By Dan Curran   Published Apr 09, 2005 at 5:18 AM

Pardon me for writing this, but those Milwaukee Chicks were really hot.

No, that's not the utterance of one who just spent a night bar hopping on Water Street with a bachelor party. I am, of course, referring to the 40-19 record of Milwaukee's entry in the All American Girls Professional Baseball League (AAGPBL) in the second half of the 1944 season.

That hot streak brought the Chicks the second half title during the franchise's one and only season in Milwaukee. The AAGPBL employed a format in which the winner of each half of the season played for the league championship. In a best of seven series, the Chicks defeated the champs of the first half, the Kenosha Comets.

The Chicks -- and the Rockford Peaches -- sported a name that probably wouldn't be acceptable to modern day sensibilities (please ignore the existence of the Miami Hooters, an Arena Football League team from 1993-'95.) The team name derived from a children's book that was popular at the time, "Mother Carey's Chickens." The name was appropriate as the team was managed by future Hall-of-Famer Max Carey.

The creation of the AAGPBL in 1943 is largely attributable to Philip K. Wrigley, then owner of the Chicago Cubs. The idea of a women's baseball league was first proposed by a Major League Baseball committee charged with researching new sources of revenue. At that time baseball teams were struggling because much of their labor pool had been siphoned off by the war effort. Some minor league teams had folded. Wrigley proposed the committee's suggestion of a women's league to the other major league owners.

The other owners balked at investing in women's teams, so Wrigley bankrolled his own league. The teams had entries in smaller midwestern cities. In addition to the Kenosha Comets, the pioneering teams in the debut season of 1943 were the Racine Belles, the Rockford Peaches and the South Bend Blue Sox.

Wrigley's league was initially called the All American Girls Softball League. However, some of the rules were changed to make the games more like baseball. Base runners were allowed to lead off, the pitching mound was moved further from home plate and the distance between bases was lengthened. During the first season the name of the league was changed to the All American Girls Professional Baseball League.

The AAGPBL took the image of its players seriously. Each team was provided a female chaperone. League rules stated that both the living quarters and the social activities of the players had to be approved by the chaperone.

The AAGPBL provided a "Charm School Guide" to its players. The guide detailed how players should groom, what they should wear and standards of behavior. The conclusion to the guide advised players to "be clean and wholesome in appearance, be polite and considerate in your daily contacts, avoid noisy, rough and raucous talk and actions and be in all respects, a truly All American girl."

One of two expansion teams in the AAGPBL's second year, the Milwaukee Chicks franchise seemed to be tenuous from the start. Other teams had local financial backing. The Chicks had no such support, relying only on subsidy from the league to pay start-up costs.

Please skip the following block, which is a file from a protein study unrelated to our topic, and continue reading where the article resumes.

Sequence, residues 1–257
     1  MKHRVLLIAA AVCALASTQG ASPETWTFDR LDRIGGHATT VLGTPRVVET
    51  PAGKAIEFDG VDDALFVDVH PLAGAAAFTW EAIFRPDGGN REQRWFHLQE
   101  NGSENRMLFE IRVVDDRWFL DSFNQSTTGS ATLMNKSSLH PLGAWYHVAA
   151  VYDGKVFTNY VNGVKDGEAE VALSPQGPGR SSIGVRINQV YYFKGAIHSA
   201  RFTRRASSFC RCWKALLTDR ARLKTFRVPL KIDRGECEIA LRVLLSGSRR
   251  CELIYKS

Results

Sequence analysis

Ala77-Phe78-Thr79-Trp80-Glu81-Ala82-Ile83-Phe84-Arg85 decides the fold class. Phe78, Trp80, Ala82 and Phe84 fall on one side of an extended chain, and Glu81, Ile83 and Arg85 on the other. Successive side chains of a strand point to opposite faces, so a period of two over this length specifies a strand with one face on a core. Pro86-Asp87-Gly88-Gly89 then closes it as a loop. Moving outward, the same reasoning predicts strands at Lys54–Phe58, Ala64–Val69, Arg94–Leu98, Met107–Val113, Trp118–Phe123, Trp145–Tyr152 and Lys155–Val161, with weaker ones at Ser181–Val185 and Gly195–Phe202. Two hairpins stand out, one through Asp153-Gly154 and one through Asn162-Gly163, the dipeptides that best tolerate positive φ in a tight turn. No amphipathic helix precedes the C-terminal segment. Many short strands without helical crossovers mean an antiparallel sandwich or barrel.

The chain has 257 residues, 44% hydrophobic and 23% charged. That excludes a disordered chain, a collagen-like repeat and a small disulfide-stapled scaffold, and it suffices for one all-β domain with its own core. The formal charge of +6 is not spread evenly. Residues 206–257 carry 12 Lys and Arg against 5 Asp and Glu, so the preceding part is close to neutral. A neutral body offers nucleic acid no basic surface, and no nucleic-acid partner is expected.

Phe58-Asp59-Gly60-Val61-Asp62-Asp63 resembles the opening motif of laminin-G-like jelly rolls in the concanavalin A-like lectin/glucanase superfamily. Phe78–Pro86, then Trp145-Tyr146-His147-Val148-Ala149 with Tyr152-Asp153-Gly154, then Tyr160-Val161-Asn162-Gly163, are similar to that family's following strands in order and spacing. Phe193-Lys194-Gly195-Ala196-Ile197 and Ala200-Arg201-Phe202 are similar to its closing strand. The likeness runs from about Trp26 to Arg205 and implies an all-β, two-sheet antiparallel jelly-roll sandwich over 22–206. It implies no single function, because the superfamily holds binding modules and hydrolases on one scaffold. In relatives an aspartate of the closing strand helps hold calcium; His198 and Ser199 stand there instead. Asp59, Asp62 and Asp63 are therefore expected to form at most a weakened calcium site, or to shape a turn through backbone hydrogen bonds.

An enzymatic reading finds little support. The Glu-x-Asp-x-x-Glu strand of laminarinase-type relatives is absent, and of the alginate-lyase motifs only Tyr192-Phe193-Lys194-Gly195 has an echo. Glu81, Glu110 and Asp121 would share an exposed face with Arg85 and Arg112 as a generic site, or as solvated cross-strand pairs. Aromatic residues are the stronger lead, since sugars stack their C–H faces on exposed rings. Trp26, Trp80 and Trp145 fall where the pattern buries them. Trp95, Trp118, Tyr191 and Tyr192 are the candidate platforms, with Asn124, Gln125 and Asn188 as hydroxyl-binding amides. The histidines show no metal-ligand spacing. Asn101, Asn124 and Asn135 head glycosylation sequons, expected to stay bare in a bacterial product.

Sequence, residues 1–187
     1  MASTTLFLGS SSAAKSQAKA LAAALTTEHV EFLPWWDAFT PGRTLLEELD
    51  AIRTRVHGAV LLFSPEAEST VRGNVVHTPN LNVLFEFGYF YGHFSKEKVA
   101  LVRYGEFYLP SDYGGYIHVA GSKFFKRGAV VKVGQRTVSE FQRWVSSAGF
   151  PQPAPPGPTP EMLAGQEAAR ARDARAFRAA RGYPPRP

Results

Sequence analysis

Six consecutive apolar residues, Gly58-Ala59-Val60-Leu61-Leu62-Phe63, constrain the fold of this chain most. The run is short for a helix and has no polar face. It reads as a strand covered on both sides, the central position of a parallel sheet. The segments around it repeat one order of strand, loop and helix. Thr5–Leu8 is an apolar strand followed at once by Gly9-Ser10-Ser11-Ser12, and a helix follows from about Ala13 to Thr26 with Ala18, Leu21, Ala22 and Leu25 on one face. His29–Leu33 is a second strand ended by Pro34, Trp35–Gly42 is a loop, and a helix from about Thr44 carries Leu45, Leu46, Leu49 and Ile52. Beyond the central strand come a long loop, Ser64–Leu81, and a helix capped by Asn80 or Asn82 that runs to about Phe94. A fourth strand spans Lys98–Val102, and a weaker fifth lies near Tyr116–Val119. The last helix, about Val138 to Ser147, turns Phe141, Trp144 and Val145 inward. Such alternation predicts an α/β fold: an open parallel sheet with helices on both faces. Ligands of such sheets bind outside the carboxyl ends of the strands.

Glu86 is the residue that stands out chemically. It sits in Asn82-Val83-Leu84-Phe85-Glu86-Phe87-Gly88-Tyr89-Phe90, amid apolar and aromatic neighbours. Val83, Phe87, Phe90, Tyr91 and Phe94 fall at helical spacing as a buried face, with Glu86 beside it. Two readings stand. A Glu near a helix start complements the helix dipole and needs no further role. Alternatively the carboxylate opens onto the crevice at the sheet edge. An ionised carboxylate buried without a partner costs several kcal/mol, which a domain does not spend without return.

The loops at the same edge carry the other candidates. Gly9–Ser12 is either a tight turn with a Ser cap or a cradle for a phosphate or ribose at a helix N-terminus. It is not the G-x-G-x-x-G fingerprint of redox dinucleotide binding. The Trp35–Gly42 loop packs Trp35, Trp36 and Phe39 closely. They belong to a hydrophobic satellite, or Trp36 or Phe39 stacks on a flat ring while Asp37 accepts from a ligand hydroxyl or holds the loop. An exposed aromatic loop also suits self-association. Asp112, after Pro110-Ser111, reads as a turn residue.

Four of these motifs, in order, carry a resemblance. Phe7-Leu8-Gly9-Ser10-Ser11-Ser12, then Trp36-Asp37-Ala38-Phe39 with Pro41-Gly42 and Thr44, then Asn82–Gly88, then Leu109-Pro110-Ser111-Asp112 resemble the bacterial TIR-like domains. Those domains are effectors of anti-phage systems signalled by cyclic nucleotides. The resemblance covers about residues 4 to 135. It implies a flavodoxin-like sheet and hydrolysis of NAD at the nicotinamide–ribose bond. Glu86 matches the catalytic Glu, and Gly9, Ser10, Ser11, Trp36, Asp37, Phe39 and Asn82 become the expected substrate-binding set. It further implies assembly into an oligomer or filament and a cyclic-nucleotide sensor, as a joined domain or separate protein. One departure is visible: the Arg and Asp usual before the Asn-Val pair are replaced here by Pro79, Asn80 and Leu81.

Another disadvantage for the Chicks was the presence of the popular Milwaukee Brewers minor league team. Managed by future Hall-of-Famer Casey Stengel, the Brewers regularly drew 10,000 fans to Borchert Field, the stadium near 8th and Chambers that was shared by both teams.

As the favored tenant, the Brewers claimed the more desirable night games at Borchert. The Chicks were forced to attempt to draw fans during the day, including many weekday games.

The second-rate status of the Chicks was such that they were unable to play any of the games in the championship series in Milwaukee. The Brewers had a playoff series at the same time, forcing the Chicks to play the entire seven-game series in Kenosha.

While the Brewers had Stengel, the Chicks had a future Hall-of-Famer of their own. Manager Carey had been a star outfielder with the Pirates and Brooklyn Dodgers, in a career that spanned from 1910-1929. Carey was inducted in the Baseball Hall of Fame in 1961. A career .285-hitter, Carey was elected to the Hall of Fame mostly for his fielding and base running prowess, although he also hit over .300 in six seasons.


With the outfield dimensions of Borchert Field suited for the men of the Milwaukee Brewers, the Chicks were not going to win games with home runs. Similar to Carey's own style during his playing days, Milwaukee's female nine played a game marked by aggressive base running. The Chicks stole 730 bases during the 115-game season.

The Chicks were led by two dominant pitchers. Josephine Kabeck had 26 wins and a 2.66 ERA in 366 innings. Connie "Iron Woman" Wisniewski, who would be named the league's player of the year the following season, won 23 games and posted a 2.23 ERA for the Chicks. The top offensive stars were Merle "The Blonde Bombshell" Keagle, the AAPGL home-run queen, and Vickie Panos. Panos swiped 141 bases, second most in the league that year.

The victims of sparse crowds at Borchert Field, the league-champion Chicks relocated to Grand Rapids, Michigan for the 1945 season. The franchise remained in Grand Rapids through the 1954 season, when the AAGPBL folded.

Milwaukee still toasts the 1982 Brewers that fell just short of a championship. Yet few here recall the title brought home by Milwaukee's girls of summer.

However, the Milwaukee Brewers have done their part to bring the Milwaukee Chicks, as well as their peers in the AAGPBL, out of obscurity. A Wall of Honor in Miller Park includes tributes to the AAGPBL and to the Chicks championship season. Each year two inductees from the AAGPBL will have plaques added to the display.